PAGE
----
[Marxism] More on Hubbert
lnp3 at panix.com
Wed Jun 2 06:56:24 MDT 2004
NY Press, June 2, 2004
THE COMING ENERGY CRUNCH
A $2 gallon of gas is just the beginning.
By Aaron Naparstek
IN 1956, a Shell Oil geologist named M. King Hubbert stood up before a
meeting of the American Petroleum Institute and, much to the chagrin of
his bosses, predicted that oil production in the continental United
States would peak and begin to decline starting in the early 1970s.
According to his colleague and author of the book, Hubbert's Peak, Ken
Deffeyes, "Almost everyone inside and outside the oil industry rejected
Hubbert's analysis." They simply didn't want to hear it. The 1960s was
the greatest decade of global oil discovery ever. Vast new reserves were
found all over the world. Soon all but a faithful few simply forgot
about Hubbert's forecast.
Hubbert arrived at his prediction through an analysis of oil-field
discoveries. By 1956, after drilling tens of thousands of holes across
the continental United States, some oilmen had a pretty solid idea of
what was in the ground. The discovery of new reserves in the lower 48
had peaked in the 1930s and had been in decline ever since. Hubbert
noted that, when plotted over time, the rate of discovery formed a
nearly perfect bell-curve. He theorized that the annual rate of oil
production would form a similar bell curve, more than a few decades
later. The highest point of this second curve would be the year that the
U.S. produced more oil than it ever had before and ever would again.
That would be the "oil peak."
As Deffeyes is quick to tell you, "Old Hubbert was right." America never
again produced as much as it did in 1970, despite a drilling boom that
produced four times more oil wells each year. Since then, oil production
has been in steady, rapid decline—the downhill side of Hubbert's bell
curve. Today, we extract about 3.4 million barrels per day from the
lower 48, about one-third of what we were getting at peak.
In recent years, scientists have built on Hubbert's techniques in an
effort to discover how close we are to global oil peak. Though the
estimates vary, everyone agrees that the question of global peak is not
"if" it will occur, but "when." Based on 65 studies published over the
last 50 years, the UK-based Oil Depletion Analysis Center estimates the
world's original endowment of sweet, crude "conventional" oil to be
somewhere between 2000- and 2400-billion barrels. As of today, humanity
has consumed close to half that total.
The consequences of this are hard to overstate. Oil fuels 95 percent of
all transportation and a significant portion of global food production.
Industrial societies are dependent on a vast, steady flow of inexpensive
petroleum for just about everything we make and do. Disrupt this flow,
and modern society as we know it is inconceivable.
Global demand for oil has increased sevenfold over the past 50 years. In
1986 human beings consumed about 54 million barrels of oil each day.
Today we use about 82 million. Though Americans make up only 5 percent
of the world's total population, we consume more than one-quarter of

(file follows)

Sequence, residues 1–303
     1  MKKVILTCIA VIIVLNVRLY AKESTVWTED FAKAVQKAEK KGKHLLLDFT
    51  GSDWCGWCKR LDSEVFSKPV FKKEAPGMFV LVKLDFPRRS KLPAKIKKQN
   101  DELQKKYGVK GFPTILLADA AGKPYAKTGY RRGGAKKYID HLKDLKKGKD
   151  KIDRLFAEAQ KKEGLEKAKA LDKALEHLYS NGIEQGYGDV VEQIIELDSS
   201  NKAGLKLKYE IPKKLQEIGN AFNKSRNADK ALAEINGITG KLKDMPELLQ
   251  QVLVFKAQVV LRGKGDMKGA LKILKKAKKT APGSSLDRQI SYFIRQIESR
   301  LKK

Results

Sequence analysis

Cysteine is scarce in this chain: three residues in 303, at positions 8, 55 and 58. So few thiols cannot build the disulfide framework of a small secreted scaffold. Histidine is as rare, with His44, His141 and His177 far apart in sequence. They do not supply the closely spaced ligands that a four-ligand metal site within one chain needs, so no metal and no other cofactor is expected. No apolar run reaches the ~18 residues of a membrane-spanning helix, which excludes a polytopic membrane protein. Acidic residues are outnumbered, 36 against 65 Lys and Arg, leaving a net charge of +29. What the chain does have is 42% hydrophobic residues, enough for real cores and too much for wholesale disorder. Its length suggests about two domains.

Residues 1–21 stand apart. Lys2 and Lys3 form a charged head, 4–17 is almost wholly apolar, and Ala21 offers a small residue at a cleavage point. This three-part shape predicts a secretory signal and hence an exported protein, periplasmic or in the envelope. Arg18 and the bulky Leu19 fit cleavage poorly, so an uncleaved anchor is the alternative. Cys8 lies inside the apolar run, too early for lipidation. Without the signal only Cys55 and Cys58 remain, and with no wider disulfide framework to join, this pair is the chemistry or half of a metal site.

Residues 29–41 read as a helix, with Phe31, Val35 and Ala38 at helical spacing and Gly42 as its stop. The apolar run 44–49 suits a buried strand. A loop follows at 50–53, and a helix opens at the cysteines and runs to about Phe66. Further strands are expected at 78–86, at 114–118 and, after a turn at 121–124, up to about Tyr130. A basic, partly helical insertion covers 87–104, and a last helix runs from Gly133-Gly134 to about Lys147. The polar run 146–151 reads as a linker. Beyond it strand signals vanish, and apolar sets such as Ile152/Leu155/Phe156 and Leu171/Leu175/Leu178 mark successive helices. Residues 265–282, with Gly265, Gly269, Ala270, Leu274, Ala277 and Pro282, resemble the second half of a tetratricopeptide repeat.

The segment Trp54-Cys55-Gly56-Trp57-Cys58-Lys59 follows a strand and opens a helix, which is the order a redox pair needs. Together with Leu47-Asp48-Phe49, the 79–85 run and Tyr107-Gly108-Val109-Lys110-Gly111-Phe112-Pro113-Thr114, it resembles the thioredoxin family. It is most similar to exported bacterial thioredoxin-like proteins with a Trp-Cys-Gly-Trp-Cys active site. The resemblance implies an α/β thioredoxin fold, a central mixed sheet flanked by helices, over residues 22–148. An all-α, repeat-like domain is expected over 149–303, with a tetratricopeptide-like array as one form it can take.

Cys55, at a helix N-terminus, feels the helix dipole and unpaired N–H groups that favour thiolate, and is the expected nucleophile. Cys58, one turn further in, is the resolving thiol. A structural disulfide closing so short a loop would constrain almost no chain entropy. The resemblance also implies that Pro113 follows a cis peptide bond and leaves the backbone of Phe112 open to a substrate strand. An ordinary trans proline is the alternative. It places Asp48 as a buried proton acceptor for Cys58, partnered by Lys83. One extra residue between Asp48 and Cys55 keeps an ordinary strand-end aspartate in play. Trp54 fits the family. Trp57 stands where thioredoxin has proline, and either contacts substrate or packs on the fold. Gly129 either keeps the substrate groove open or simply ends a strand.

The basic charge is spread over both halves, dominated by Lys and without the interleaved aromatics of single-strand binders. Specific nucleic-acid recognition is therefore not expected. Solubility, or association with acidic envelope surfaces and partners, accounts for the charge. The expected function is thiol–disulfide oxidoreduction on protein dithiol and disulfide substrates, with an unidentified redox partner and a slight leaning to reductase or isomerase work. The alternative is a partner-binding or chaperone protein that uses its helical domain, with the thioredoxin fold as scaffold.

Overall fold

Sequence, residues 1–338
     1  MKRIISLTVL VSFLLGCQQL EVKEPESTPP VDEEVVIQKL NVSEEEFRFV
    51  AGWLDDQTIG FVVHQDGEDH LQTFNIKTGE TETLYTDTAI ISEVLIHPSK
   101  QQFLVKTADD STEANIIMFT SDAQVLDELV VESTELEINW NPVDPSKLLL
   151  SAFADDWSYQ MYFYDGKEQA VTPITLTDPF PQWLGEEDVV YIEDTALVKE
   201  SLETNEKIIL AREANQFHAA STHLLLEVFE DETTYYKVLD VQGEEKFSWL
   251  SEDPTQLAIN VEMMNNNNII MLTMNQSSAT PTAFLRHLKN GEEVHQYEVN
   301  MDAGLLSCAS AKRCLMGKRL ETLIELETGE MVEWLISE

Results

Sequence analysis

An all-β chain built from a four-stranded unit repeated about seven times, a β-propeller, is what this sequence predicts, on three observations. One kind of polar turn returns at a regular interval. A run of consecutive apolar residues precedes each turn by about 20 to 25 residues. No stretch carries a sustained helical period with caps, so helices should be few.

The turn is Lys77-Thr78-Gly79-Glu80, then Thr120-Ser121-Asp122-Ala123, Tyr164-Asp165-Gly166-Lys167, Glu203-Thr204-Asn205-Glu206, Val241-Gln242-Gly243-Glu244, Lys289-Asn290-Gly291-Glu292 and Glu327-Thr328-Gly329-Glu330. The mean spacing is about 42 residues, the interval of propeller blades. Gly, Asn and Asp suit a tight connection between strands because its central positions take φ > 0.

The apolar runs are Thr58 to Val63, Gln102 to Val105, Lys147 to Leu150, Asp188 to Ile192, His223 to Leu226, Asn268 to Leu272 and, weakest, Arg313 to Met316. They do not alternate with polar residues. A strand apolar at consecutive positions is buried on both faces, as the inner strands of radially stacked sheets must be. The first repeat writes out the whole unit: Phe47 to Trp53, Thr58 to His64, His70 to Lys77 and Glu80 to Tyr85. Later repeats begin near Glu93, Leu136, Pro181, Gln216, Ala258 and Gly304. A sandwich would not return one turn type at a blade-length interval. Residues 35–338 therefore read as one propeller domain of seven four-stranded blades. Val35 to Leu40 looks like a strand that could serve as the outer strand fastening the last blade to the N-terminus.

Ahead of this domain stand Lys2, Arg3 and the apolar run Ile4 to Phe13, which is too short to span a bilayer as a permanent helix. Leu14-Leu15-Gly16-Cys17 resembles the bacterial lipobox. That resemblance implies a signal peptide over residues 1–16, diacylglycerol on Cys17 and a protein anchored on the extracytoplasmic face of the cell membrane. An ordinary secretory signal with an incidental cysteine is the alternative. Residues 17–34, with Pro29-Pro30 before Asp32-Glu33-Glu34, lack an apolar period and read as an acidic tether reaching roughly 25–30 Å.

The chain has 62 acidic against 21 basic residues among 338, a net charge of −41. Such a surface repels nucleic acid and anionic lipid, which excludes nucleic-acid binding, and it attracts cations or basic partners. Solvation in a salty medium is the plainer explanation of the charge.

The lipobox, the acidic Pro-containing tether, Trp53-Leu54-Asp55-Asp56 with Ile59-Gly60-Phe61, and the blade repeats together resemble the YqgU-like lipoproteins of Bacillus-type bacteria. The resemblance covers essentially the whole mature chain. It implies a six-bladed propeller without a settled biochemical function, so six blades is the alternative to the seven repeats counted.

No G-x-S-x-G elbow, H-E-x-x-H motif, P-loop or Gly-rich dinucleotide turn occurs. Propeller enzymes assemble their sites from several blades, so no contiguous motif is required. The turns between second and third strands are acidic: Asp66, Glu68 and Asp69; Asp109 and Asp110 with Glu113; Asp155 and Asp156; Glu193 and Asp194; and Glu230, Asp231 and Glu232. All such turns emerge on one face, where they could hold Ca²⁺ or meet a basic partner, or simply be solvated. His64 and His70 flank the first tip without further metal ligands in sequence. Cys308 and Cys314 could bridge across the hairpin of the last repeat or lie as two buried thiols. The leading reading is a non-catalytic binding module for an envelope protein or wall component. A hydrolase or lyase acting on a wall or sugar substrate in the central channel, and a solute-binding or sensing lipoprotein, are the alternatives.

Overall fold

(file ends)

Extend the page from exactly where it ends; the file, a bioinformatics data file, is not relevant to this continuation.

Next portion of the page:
this energy—about three gallons per person each day. U.S. oil demand
sets a new record every few months.
The developing world, led by China, is catching up to us. In the last
decade, Chinese oil consumption has doubled, while Chinese car ownership
has jumped from 700,000 to seven million.
"There are basically six and a half billion people on earth today and
five billion of them barely use energy. They all aspire to," says Matt
Simmons, chief executive of Simmons & Company, the world's biggest
energy-industry investment bank.
Yet new sources of oil are becoming increasingly difficult to find and
more expensive to develop. Global discovery peaked in 1964 and has
declined ever since. In 2000, there were 16 discoveries of oil
"mega-fields." In 2001, we found eight, and in 2002 only three such
discoveries were made. Today, we consume about six barrels of oil for
every one new barrel discovered.
The U.S. Dept. of Energy estimates that the world will require 120
million barrels a day by 2025. To meet that demand we must find the
equivalent of 10 new North Sea oil fields within a decade. These fields,
before peaking at the end of the 90s, were producing close to six
million barrels of oil per day. Today, we are hard-pressed to discover
one new mega-field, let alone 10 reserves equaling the size of the North
Sea, which is now in serious decline. This year, 11 new mega-projects
came online; next year, 18 will start producing. But by 2008 only three
big new fields are scheduled to start flowing, with no new projects on
track for 2009 or 2010.
According to Dr. Colin Campbell, a former exploration geologist and oil
company executive who is generally considered to be the dean of global
oil depletion experts, "there is no way on Earth" that level of demand
predicted by the U.S. government and many oil industry analysts "can be
Just as Hubbert predicted for the U.S., a decline in discovery presages
a decline in production. Says Campbell: "If you add it all together, you
get a peak of what I call ordinary oil in 2005 and a peak of
unconventional oil in around 2007. By 2010 volatility comes to an end.
Then, terminal decline."
Campbell's oil peak prediction is right in line with no fewer than 12
recent studies, using a variety of different assumptions and demand
projections. They all foresee accelerating decline in global oil
production within the coming decade. Even the most conservative studies,
using highly optimistic estimates of future oil discoveries and low
estimates of future demand, predict a global oil peak by 2020. No matter
how you slice it, global oil supply will soon begin a steep, permanent,
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